The Ultimate Up-To-Date Travel Guide for a First Timer to London

Dessert - in london

Everyone talks about guides to London that avoid the “tourist traps”, that go off the beaten track, that offer seasoned business travellers who have eaten at a Park Grand Restaurant Kensington almost as often as their own dining-room table the opportunity to see and explore parts of London that they are likely to have seen before. There is a lot of value in these kinds of travel-suggestions, however, we should also remember that there are plenty of people who are visiting this wonderful, action-packed city for the first time who may want to do the more obvious trips. If you are thinking, “but there are already plenty of London Bucket List type articles out there”, don’t be so quick to assume: a lot of them will include architectural icons like Big Ben, which is under construction and therefore not available for public viewing. So, here is a 2020, up-to-date version of all the things to do and see in London for a first-timer to the city – all those things which are absolutely NB before you start tackling the “quirky things to do” or “hidden gems”.

Visit Buckingham Palace

There is probably a varied opinion on what should get the spot of number one when first visiting London, but there is no denying that this royal residence in Westminster sits in almost everyone’s top 5. Be sure to catch a glimpse of The Queen’s Foot Guards, standing loyally at attention in their postcard-perfect bearskin hats.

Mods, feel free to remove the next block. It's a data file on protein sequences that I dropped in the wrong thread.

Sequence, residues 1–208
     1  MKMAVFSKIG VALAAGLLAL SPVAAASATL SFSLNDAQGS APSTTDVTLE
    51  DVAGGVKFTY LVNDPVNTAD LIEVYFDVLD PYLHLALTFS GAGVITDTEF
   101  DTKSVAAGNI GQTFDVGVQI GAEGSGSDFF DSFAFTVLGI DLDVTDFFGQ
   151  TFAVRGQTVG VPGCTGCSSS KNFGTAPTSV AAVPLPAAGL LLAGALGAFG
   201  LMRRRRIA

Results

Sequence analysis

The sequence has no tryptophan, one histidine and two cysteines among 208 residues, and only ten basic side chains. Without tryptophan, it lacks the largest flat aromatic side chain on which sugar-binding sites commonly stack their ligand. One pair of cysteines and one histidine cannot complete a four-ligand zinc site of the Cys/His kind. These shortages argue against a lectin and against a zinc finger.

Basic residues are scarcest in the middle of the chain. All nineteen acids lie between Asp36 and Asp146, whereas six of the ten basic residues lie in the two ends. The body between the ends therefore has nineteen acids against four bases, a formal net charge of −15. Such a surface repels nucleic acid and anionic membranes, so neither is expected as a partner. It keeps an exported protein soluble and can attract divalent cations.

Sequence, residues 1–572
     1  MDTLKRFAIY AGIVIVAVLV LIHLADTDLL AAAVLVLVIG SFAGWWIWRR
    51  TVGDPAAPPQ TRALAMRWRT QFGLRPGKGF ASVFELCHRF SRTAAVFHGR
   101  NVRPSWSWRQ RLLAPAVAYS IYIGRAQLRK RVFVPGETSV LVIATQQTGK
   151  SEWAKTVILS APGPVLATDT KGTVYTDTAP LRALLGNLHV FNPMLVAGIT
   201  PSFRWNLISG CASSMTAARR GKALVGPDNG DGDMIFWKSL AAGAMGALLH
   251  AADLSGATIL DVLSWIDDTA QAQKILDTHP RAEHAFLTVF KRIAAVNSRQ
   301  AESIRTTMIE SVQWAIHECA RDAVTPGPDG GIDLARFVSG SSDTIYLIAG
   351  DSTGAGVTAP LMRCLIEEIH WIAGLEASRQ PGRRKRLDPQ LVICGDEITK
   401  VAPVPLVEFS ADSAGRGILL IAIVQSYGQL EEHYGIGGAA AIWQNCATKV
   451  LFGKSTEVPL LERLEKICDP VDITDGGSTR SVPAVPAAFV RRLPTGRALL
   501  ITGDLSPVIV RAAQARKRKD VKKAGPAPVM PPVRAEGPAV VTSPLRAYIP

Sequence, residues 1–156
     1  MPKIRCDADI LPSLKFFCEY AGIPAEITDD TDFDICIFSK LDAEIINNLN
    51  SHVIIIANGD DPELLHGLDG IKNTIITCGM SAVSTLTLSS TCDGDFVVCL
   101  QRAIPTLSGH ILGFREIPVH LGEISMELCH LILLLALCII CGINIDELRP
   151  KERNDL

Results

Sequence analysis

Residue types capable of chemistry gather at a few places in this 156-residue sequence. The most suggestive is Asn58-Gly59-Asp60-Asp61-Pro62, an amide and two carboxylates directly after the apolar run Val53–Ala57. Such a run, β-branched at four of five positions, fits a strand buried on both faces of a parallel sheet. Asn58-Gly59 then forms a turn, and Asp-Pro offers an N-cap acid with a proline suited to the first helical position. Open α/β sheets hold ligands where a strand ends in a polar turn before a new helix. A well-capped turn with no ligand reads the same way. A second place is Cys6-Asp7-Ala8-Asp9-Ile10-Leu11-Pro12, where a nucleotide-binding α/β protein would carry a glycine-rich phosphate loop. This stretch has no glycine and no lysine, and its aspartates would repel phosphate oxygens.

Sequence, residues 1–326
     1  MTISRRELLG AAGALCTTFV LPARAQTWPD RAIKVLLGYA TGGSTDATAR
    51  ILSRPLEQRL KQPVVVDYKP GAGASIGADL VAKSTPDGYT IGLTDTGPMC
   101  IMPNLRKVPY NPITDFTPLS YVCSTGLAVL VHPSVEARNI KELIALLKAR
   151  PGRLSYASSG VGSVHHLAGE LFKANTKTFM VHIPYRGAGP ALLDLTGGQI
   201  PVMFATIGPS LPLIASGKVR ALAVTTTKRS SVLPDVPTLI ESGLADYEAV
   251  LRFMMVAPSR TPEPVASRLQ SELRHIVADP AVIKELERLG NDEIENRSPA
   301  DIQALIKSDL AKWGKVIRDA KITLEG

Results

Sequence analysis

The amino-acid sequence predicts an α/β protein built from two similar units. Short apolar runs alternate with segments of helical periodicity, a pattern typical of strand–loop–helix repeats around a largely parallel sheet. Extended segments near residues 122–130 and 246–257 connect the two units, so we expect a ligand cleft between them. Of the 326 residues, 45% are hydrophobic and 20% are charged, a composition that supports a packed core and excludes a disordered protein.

Take a walk through Hyde Park

Londoners have the luxury of numerous Royal parks scattered around the city, covering 5000 acres of green space over eight parks, offering a safe-haven of nature from the bustling metropolitan – and that’s just the royal parks, which don’t include the likes of the must-see Hampstead Heath (790.73 acres), Victoria Park (212.96 acres) or Battersea Park (205.09 acres). The most impressive not just in size but its centrality in inner London – it spans 350.89 acres of the city and yet is walking distance from most Central London hotspots. Take a walk through Hyde Park, admiring the luscious trees that have grown there since horse-drawn carriages were London’s primary source of transport, and perhaps hire a small boat and swan around the Serpentine Lake (waving to the royal swans as you do so!)